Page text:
Field of Work: Mobilizing the community to prevent domestic violence
Problem Synopsis: According to the 2000 National Violence Against Women Survey, almost 25 percent of women and 7.6 percent of men reported having been assaulted by an intimate partner at some time in their lifetime. A 2003 report by the National Center for Injury Prevention and Control estimated that medical and mental health care services for victims of such violence cost the nation $4.1 billion annually.
Synopsis of the Work: The Close to Home Domestic Violence Prevention Initiative, based in Dorchester, Massachusetts, using a community-mobilization approach to prevent domestic violence, launched an effort to replicate its program in three pilot communities in Massachusetts. Partner agencies in two of them were unable to proceed because of financial and organizational problems, but Close to Home continued to provide support and technical assistance to REACH Beyond Domestic Violence, in Waltham.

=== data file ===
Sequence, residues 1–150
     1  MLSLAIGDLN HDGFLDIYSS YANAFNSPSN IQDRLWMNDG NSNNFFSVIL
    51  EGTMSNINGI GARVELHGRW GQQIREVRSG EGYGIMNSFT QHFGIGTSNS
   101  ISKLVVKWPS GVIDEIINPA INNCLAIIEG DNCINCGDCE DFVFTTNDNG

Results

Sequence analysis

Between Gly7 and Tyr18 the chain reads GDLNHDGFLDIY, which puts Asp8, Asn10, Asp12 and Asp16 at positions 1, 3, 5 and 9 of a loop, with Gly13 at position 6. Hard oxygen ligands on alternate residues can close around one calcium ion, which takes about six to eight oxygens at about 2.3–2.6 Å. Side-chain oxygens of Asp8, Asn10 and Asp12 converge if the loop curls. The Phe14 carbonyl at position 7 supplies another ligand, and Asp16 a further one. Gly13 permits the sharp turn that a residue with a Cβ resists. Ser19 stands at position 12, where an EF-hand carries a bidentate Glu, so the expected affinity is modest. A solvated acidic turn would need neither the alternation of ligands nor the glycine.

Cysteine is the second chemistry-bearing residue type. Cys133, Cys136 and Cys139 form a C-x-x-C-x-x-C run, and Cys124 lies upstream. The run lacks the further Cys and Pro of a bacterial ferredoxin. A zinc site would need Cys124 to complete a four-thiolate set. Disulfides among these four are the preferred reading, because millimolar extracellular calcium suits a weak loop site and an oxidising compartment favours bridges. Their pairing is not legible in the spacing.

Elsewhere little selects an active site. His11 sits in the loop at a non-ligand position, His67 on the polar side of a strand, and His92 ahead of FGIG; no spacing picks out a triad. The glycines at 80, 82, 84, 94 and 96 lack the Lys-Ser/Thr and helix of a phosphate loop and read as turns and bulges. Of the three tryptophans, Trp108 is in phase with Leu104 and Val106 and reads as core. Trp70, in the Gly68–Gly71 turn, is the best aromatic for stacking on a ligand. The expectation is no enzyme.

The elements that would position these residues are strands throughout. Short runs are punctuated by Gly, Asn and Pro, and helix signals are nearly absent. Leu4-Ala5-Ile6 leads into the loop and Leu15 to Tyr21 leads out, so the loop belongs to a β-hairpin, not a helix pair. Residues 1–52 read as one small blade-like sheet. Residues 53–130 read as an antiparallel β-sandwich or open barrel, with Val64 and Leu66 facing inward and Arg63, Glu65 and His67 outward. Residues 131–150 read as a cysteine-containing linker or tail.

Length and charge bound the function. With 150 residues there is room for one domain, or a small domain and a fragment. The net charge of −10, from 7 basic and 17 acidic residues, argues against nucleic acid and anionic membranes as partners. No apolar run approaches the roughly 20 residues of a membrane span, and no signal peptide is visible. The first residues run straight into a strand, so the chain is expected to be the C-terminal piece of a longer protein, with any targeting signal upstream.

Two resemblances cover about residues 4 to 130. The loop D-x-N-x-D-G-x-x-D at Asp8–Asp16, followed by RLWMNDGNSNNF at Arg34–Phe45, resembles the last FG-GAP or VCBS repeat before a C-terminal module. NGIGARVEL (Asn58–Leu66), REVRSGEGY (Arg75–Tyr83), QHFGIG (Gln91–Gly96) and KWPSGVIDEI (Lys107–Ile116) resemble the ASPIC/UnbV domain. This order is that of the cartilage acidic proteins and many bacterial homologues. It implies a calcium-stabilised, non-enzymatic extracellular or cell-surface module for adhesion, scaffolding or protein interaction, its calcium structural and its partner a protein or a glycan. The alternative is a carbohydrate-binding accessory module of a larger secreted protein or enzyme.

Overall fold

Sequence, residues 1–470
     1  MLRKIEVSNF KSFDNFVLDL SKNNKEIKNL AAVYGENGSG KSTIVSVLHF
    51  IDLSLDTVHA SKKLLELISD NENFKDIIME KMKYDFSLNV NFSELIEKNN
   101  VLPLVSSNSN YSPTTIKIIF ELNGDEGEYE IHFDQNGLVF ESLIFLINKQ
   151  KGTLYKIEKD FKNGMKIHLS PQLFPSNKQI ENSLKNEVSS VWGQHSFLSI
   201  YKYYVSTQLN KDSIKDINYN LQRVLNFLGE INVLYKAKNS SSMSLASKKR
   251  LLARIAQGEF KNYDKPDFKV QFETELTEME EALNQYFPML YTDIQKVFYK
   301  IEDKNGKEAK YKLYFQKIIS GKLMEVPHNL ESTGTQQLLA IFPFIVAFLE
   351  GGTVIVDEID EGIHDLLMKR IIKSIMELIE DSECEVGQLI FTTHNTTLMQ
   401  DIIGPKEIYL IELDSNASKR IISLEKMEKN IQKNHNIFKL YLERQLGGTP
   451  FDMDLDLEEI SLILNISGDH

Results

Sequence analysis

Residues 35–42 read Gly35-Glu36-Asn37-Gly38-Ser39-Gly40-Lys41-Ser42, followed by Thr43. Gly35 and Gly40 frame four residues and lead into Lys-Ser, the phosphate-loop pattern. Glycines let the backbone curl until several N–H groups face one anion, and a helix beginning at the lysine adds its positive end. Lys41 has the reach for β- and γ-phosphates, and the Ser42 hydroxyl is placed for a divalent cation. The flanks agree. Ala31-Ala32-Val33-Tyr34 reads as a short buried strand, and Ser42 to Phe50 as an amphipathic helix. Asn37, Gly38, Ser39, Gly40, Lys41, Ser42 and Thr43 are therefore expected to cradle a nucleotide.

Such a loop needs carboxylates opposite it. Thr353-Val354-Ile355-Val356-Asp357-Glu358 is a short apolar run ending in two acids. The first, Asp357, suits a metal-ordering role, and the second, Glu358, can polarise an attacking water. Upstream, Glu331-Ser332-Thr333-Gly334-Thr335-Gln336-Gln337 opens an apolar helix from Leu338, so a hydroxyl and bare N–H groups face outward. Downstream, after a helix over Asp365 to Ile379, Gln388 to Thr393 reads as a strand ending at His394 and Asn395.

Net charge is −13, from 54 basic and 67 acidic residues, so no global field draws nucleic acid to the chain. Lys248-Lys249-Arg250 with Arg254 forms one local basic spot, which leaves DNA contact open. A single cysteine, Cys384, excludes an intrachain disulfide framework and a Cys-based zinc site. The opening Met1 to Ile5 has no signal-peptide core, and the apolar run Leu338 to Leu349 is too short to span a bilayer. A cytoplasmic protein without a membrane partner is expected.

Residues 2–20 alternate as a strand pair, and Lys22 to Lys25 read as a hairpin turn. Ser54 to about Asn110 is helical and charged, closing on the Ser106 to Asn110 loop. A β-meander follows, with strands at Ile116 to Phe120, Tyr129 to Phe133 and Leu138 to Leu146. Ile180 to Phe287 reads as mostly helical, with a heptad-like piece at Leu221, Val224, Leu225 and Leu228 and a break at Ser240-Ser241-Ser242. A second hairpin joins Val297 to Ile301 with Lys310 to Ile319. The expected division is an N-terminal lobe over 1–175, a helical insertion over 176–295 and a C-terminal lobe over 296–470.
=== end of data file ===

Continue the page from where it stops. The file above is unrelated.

Key Results: Waltham's REACH Beyond Domestic Violence implemented the early stages of a community-mobilization effort, engaging some 300 people in community assessment and follow-up activities.
Close to Home's training consultant and the project team created a training curriculum with technical assistance tools and materials. These were subsequently incorporated into a resource guide for implementing a community-mobilization initiative.
- Preventing Partner Violence in Refugee and Immigrant Communities
- Safe Dates Teaches Teenagers the Difference Between Healthy and Abusive Relationships
- Developing Workplace Strategies to Prevent and Respond to Domestic Violence
- Two Reports Describe Promising Programs and Approaches to Preventing Youth and Intimate Partner Violence
- Evaluation of Start Strong: Building Healthy Teen Relationships
- Poised for Prevention: Advancing Promising Approaches to Primary Prevention of Intimate Partner Violence